Or you might do some advance planning. “A conversation on sex and porn should allow for honesty and the time it takes to have a serious discussion,” advised sex therapist Heidi Crockett. “I recommend arranging an agreed upon time so that both parent and child can bring their questions and thoughts to the table.”
Explain the differences
Remind your child that porn is meant for entertainment, not education, in terms they can understand.
What it’s really like to be an adult film star
“I tell them that just as the ‘Fast & Furious’ movies are not driver’s ed, porn is not sex ed,” said St. John. Explain that just like movies, porn portrays how we might fantasize about things but not act on them.
Likewise, you can stress that masturbation — to porn or otherwise — and sex are two different experiences. “It’s fun to text our friends or play video games with them online, but it’s another thing to hang out in person,” said sex therapist Kristen Lilla. “Porn can also be fun to watch, but it doesn’t mimic or replace real-life sex and relationships.”
Don’t make assumptions
Part of what makes porn tough to talk about is how divisive it’s become. You might hear from some adults that porn use has led to dependency, erectile dysfunction, fear of intimacy and other problems. For others, it’s simply part of a healthy sex life.
The truth is that medical experts don’t know for certain whether porn use is truly responsible for all of the effects attributed to it; so far, there isn’t a clear scientific consensus around the influence of porn on the human adult brain, much less the teenage brain.
While some experts say that porn is highly addictive, others say that the concept of true porn addiction isn’t supported by scientific evidence. Impulsive or compulsive porn use, this camp says, is usually a symptom of something else, such as depression or anxiety.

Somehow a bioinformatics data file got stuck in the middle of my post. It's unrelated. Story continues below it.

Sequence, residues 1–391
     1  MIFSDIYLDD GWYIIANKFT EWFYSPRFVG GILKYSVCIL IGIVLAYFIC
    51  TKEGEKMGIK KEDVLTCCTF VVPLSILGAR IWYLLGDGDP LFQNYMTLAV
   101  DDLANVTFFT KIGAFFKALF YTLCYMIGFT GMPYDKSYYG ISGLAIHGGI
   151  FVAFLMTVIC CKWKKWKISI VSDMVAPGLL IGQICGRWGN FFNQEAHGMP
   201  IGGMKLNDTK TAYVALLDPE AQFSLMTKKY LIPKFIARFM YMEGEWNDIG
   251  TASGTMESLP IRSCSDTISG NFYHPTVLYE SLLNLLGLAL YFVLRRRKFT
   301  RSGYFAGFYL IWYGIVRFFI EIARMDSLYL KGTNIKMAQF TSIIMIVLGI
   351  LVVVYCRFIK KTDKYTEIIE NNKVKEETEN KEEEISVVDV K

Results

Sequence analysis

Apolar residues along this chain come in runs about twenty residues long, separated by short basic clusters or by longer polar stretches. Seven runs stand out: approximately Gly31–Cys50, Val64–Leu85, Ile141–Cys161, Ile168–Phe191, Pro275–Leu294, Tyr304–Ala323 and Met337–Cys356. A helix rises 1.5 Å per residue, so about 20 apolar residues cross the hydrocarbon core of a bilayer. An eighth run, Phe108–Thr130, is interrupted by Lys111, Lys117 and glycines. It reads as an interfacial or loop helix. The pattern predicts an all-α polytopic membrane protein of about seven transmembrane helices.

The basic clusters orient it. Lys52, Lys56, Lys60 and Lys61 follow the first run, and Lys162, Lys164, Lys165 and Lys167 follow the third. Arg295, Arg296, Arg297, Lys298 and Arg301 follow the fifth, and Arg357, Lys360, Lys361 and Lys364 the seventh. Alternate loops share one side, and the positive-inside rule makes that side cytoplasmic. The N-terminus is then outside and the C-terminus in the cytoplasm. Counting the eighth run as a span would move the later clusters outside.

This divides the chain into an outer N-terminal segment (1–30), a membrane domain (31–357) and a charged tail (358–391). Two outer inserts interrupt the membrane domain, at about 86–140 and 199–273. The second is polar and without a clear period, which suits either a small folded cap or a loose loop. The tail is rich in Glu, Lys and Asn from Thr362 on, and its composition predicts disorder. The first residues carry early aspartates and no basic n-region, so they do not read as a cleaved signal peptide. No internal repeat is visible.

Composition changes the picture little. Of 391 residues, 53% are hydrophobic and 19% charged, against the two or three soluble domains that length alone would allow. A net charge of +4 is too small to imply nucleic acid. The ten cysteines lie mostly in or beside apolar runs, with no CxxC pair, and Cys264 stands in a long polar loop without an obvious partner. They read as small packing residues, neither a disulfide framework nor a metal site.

The only thing we do know for certain is that the more open parents are with their kids about sexual health, the better.
Don’t limit it to sex
View your conversations as laying the foundation for helping children question all the media they consume.
“We begin this process of becoming aware of how roles or stereotypes are portrayed when you watch TV or PG movies with your kids beginning when they’re 7 to 8 years old,” said sex therapist Sari Cooper. “Bringing up some of the uncomfortable feelings one has when watching a film with younger ages because of the way a woman, person of color, or a person with disability was portrayed begins a training of critical thinking with your children.”
However you choose to approach it, know that “the talk” is really a series of conversations. When you discuss topics like sexuality, masturbation and porn early on, you open the door for trust and honesty with your kids — and that helps build a foundation for good sexual health throughout their lives.